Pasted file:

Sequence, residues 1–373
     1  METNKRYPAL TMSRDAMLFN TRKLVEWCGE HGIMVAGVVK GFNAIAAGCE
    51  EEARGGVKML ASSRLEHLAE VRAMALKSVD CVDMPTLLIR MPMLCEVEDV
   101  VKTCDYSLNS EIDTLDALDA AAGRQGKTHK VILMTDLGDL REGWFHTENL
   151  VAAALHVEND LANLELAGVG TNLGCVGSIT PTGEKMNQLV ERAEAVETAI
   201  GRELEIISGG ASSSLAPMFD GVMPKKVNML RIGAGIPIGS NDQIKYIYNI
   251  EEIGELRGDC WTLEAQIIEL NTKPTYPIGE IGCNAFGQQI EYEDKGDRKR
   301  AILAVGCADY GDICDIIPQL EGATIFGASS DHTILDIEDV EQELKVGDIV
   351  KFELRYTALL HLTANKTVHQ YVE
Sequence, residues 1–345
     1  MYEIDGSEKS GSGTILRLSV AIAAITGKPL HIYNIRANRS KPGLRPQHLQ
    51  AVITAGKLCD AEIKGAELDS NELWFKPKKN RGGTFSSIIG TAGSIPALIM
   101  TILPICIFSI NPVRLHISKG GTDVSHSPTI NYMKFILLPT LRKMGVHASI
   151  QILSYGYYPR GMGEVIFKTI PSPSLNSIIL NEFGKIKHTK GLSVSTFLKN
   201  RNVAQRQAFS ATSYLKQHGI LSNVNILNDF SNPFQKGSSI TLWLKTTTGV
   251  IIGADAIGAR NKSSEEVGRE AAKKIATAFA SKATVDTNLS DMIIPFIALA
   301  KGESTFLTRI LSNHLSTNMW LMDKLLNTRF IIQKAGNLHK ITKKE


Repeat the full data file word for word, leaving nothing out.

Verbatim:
Sequence, residues 1–373
     1  METNKRYPAL TMSRDAMLFN TRKLVEWCGE HGIMVAGVVK GFNAIAAGCE
    51  EEARGGVKML ASSRLEHLAE VRAMALKSVD CVDMPTLLIR MPMLCEVEDV
   101  VKTCDYSLNS EIDTLDALDA AAGRQGKTHK VILMTDLGDL REGWFHTENL
   151  VAAALHVEND LANLELAGVG TNLGCVGSIT PTGEKMNQLV ERAEAVETAI
   201  GRELEIISGG ASSSLAPMFD GVMPKKVNML RIGAGIPIGS NDQIKYIYNI
   251  EEIGELRGDC WTLEAQIIEL NTKPTYPIGE IGCNAFGQQI EYEDKGDRKR
   301  AILAVGCADY GDICDIIPQL EGATIFGASS DHTILDIEDV EQELKVGDIV
   351  KFELRYTALL HLTANKTVHQ YVE
Sequence, residues 1–345
     1  MYEIDGSEKS GSGTILRLSV AIAAITGKPL HIYNIRANRS KPGLRPQHLQ
    51  AVITAGKLCD AEIKGAELDS NELWFKPKKN RGGTFSSIIG TAGSIPALIM
   101  TILPICIFSI NPVRLHISKG GTDVSHSPTI NYMKFILLPT LRKMGVHASI
   151  QILSYGYYPR GMGEVIFKTI PSPSLNSIIL NEFGKIKHTK GLSVSTFLKN
   201  RNVAQRQAFS ATSYLKQHGI LSNVNILNDF SNPFQKGSSI TLWLKTTTGV
   251  IIGADAIGAR NKSSEEVGRE AAKKIATAFA SKATVDTNLS DMIIPFIALA
   301  KGESTFLTRI LSNHLSTNMW LMDKLLNTRF IIQKAGNLHK ITKKE